U.S. officials say there are "strong indications" that China is sending Iran either more Silkworm missiles or a newer, more deadly cruise missile, as sophisticated as the French-built Exocet, that Iran could use in its escalating "tanker war" against Iraq in the Persian Gulf.

The new missiles have been spotted in crates aboard an Iranian ship that U.S. intelligence sources saw leaving a North Korean port recently but have since lost track of, one well-informed U.S. official said.

The missiles are believed to be Chinese-made, because North Korea has been used previously as a transshipment point for Chinese arms bound for Iran and the North Koreans are not known to manufacture cruise missiles.

The Reagan administration has not yet formally protested to the Chinese government about the suspected new supply of cruise missiles to Iran because, as one official put it, "people are being very cautious. They want to be sure."

Not until the ship arrives at an Iranian port and the crates are unpacked will it be possible to know with certainty, the official said.

Chinese sale of arms to Iran has become a major irritant in U.S.-Chinese relations, and confirmation of more Silkworms, or more sophisticated cruise missiles, going to Iran is likely to provoke a strong reaction in Congress.

Rep. Les Aspin (D-Wis.), chairman of the House Armed Services Committee, attacked China in a speech Dec. 11 for its "flimflam" in seeking to deny its arms sales to Iran. He said "about two-thirds" of all military supplies imported by Iran now originate in China.

"We're not just talking about Silkworm missiles. We're talking about artillery shells, mortar rounds, antitank weaponry and perhaps even aircraft," Aspin said.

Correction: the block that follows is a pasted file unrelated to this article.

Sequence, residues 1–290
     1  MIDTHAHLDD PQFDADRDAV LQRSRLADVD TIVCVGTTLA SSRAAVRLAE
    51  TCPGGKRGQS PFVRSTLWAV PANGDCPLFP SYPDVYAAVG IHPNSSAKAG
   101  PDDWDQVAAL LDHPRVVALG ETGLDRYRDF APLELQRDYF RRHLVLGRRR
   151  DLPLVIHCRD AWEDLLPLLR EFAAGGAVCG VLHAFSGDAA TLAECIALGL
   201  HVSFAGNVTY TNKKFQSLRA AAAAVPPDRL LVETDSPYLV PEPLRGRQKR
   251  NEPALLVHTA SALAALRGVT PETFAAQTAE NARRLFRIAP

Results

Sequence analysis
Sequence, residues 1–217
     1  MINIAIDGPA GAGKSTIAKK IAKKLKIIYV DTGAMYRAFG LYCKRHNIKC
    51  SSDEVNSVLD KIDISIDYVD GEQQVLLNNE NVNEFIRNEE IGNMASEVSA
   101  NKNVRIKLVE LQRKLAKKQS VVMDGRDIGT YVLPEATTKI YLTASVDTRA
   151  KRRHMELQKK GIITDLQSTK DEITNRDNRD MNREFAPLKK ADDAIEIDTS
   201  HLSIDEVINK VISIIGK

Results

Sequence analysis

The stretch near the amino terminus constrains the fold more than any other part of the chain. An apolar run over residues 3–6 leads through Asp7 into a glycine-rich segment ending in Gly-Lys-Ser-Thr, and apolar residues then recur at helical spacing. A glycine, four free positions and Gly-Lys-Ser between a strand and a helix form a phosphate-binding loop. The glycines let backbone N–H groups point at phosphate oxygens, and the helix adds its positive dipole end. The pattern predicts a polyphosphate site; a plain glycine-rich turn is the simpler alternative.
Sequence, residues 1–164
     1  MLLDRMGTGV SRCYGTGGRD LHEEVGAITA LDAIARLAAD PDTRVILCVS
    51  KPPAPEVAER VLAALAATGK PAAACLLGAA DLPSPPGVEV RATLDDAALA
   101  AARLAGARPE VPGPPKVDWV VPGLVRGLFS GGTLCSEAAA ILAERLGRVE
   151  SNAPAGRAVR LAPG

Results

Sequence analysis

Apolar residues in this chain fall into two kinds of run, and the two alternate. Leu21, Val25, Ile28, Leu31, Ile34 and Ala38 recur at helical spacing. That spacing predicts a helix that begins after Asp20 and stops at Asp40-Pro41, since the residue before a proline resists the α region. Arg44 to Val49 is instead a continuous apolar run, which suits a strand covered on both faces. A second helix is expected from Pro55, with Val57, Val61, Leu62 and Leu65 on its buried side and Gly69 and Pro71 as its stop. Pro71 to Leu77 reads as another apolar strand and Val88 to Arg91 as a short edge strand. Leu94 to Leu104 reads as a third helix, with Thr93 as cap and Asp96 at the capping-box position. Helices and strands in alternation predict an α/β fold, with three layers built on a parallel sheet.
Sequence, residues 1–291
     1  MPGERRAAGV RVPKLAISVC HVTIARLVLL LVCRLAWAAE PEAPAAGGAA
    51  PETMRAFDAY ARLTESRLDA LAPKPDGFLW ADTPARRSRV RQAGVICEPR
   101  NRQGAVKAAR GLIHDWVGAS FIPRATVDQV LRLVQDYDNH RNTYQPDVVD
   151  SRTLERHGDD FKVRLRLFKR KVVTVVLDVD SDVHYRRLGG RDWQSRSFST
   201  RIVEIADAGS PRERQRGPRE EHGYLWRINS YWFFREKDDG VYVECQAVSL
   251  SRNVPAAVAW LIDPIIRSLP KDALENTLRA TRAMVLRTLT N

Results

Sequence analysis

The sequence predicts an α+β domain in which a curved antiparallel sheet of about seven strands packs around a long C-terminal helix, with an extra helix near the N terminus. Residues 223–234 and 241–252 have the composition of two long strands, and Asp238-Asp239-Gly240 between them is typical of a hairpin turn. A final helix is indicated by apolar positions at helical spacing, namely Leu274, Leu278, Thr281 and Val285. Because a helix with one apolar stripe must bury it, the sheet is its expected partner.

The administration has already launched a diplomatic campaign to persuade China, now Iran's No. 1 arms supplier, to stop selling Silkworm missiles and other military supplies to Tehran. In protest over the sales, the administration on Oct. 22 cut off the export of sophisticated U.S. technology to China.

Chinese leaders have publicly denied they are providing Iran with Silkworms and promised the administration they would take steps to prevent Chinese arms being sold by other governments to Tehran.

The administration is pressing the U.N. Security Council to adopt a resolution imposing an arms embargo on Iran for its refusal to accept a July U.N. demand for a cease-fire. The Soviet Union has been the most reluctant so far to take this step, but China may prove the major obstacle in the long run to an effective embargo, according to U.S. officials.

ABC News reported last Saturday that U.S. intelligence sources believe the Chinese cruise missiles aboard the ship are a newer, more lethal version of the Silkworms capable of being launched from ships. China has already provided Iran with ground-launched Silkworms, one of which struck the Sea Isle City, a Kuwaiti tanker under U.S.-flag protection, while it was anchored in Kuwaiti territorial waters in mid-October.

U.S. officials said the new weapon China may be providing now to Iran is the C801, which one U.S. defense industry publication describes as China's "most formidable cruise missile" and compared favorably to the French Exocet and the U.S.-made Harpoon.

The C801 has a solid-fuel engine amd booster and can be launched from ships or aircraft. It flies at 20 to 30 yards above the water and its warhead is semi-armor-piercing, according to Defense Electronics.

Defense Department officials said there is no evidence the C801 missile has arrived in Iran as one Arab newspaper, quoting gulf maritime sources, reported Dec. 18. The officials estimated it would take several months after arrival before the Iranians would be able to use it in the "tanker war."

U.S. officials say China nonetheless has continued to sell Iran arms and may have actually increased its supply since the U.N. Security Council unanimously passed a resolution July 20 demanding a cease-fire in the seven-year-old gulf war, with the possibility of an arms embargo to back it up.

"I don't see any indication of a halt in the flow," one Pentagon source said in late November. The Chinese, he said, had provided Iran with "lots of field artillery pieces and mountains of ammunition for them."

U.S. officials estimate that China sold $600 million worth of arms to Iran last year and believe the figure will be higher this year.